Interactive Computing

I spent a considerable amount of time yesterday going through the work of Bret Victor, who appears to be on a personal mission to bring interactive computing to mainstream developers. The tools he’s prototyping and building are just incredible.

What the heck do I mean by interactive computing you ask? This is perhaps best demonstrated by examples from Bret’s portfolio:

  • Inventing on Principle (54 minutes)
    • Shows 5 different demos where Bret has programs or other complex objects where he can tweak the object at runtime and get immediate feedback. This is incredibly empowering.
    • It makes me feel that a lot of the developer tools I’ve been using are obsolete. Particularly for advanced applications that involve the analysis and exploration of data.

  • Up and Down the Ladder of Abstraction (13 pages)
    • Shows how an algorithm based on tunable parameters can be inspected and modified at runtime with immediate feedback.

By happenstance I’ve been fighting the problem of lacking immediate feedback recently: I’ve been writing a number of tools for processing complex semi-structured information where the algorithms needed a lot of tweaking.1 To gain a limited form of live tweaking I wrote a function decorator that allowed me to modify and reload functions at runtime without interrupting the program. The tools that Bret is prototyping are considerably more advanced than this, allowing changes to individual expressions without even a reload step.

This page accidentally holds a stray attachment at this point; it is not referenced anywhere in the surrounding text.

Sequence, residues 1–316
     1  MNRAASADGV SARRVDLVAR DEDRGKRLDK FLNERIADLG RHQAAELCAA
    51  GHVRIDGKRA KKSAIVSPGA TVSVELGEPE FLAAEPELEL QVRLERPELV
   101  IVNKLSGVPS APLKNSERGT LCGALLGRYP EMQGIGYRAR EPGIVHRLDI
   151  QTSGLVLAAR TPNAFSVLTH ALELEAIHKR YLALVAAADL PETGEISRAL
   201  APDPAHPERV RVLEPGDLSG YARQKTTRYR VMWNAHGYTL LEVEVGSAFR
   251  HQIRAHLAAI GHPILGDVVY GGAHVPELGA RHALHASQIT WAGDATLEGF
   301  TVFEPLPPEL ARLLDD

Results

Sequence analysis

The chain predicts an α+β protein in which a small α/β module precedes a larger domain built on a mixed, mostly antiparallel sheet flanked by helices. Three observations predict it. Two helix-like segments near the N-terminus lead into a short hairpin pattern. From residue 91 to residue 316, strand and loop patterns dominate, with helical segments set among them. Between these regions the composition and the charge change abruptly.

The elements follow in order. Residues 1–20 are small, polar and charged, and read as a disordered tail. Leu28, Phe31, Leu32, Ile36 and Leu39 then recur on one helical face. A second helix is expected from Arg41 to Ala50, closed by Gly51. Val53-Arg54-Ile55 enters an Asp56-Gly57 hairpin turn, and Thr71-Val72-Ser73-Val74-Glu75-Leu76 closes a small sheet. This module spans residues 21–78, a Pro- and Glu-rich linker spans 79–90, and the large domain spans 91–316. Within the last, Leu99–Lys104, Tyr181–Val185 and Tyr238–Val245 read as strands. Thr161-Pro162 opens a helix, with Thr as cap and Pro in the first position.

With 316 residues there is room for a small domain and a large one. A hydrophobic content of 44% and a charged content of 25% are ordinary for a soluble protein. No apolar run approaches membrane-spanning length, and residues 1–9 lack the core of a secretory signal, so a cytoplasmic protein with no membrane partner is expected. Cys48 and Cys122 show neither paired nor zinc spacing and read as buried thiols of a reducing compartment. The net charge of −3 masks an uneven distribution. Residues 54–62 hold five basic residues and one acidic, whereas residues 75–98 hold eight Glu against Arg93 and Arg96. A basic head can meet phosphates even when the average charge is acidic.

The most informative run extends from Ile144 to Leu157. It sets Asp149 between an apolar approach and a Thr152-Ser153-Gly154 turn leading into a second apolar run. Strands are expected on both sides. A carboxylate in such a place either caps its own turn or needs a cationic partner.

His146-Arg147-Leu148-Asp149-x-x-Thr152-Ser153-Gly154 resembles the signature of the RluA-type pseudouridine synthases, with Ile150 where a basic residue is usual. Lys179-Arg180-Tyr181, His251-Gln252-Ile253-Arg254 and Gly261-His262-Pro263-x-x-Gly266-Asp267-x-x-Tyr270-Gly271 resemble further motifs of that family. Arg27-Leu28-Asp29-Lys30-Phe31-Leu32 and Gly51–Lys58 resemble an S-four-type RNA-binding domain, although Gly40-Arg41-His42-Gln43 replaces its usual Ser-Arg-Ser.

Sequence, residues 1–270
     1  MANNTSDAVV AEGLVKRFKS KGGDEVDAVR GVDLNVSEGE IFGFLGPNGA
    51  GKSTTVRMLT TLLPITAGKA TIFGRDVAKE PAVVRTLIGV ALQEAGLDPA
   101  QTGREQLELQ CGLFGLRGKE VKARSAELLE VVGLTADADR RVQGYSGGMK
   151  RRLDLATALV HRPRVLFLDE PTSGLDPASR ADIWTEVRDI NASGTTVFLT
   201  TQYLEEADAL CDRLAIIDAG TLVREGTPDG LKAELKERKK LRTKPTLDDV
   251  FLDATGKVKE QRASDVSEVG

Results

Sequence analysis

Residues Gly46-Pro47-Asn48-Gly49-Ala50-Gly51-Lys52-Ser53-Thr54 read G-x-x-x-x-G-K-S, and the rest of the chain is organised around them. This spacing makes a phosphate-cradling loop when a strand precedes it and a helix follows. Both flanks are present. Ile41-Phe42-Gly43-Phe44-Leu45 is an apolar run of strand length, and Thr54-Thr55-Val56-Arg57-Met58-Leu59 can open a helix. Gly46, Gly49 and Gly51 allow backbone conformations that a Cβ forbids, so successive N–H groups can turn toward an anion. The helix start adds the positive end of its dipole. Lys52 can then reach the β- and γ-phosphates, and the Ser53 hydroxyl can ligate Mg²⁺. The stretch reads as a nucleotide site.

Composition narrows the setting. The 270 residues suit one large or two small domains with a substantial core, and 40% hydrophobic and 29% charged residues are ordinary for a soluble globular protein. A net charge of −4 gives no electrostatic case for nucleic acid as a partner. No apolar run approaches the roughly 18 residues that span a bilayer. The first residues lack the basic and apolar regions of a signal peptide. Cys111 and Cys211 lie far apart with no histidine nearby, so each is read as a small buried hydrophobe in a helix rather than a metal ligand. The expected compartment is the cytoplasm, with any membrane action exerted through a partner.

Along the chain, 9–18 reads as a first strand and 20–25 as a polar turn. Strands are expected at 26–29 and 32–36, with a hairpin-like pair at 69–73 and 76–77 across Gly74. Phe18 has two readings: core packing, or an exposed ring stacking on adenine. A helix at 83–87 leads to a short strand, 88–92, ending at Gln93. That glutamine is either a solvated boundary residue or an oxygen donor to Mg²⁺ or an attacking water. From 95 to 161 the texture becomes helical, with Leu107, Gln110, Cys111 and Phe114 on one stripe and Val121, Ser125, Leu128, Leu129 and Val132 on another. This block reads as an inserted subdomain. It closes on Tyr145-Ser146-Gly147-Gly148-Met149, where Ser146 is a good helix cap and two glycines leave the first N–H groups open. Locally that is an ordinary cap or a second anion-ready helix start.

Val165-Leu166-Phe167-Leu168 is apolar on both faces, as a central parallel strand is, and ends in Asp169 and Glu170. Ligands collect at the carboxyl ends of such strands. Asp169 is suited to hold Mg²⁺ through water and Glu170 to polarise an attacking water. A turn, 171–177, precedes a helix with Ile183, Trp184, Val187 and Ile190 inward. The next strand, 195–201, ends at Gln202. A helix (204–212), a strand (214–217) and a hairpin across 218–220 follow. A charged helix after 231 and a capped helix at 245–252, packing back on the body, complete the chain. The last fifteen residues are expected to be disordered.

Other small steps in the direction of interactivity in mainstream environments include the display of non-text results in interactive prompts. The IPython environment, for example, allows image values to be displayed directly in interactive prompts. This is great for statistical visualizations on complex datasets and for image processing functions. The Racket environment (a Scheme/Lisp dialect) also supports direct display of image values. It would be nice if HTML elements, sound waveforms, and video objects were also directly displayable.

The recent work on the Light Table web IDE is directly inspired by Bret’s work, which I didn’t realize the first time I heard about it. And now I notice that Light Table has support for Python2 in addition to the original Clojure and JavaScript/HTML languages. Sweet.

Exciting developments.

  1. In case you’re wondering, these tools are designed to scrape various kinds of data from popular websites. I’m experimenting with the idea of making it easy to extract structured information out of semi-structured websites. If it was trivially easy to get data out of websites, what could you do with it? What new mashups and applications would arise that you didn’t think of before?

  2. Sadly it seems that Light Table’s current Python support is limited to allowing reevaluation of individual expressions upon request. Its support for Clojure is better, including an “instarepl” which evaluates all expressions as they are typed and displays the results of all intermediate variables and data flows.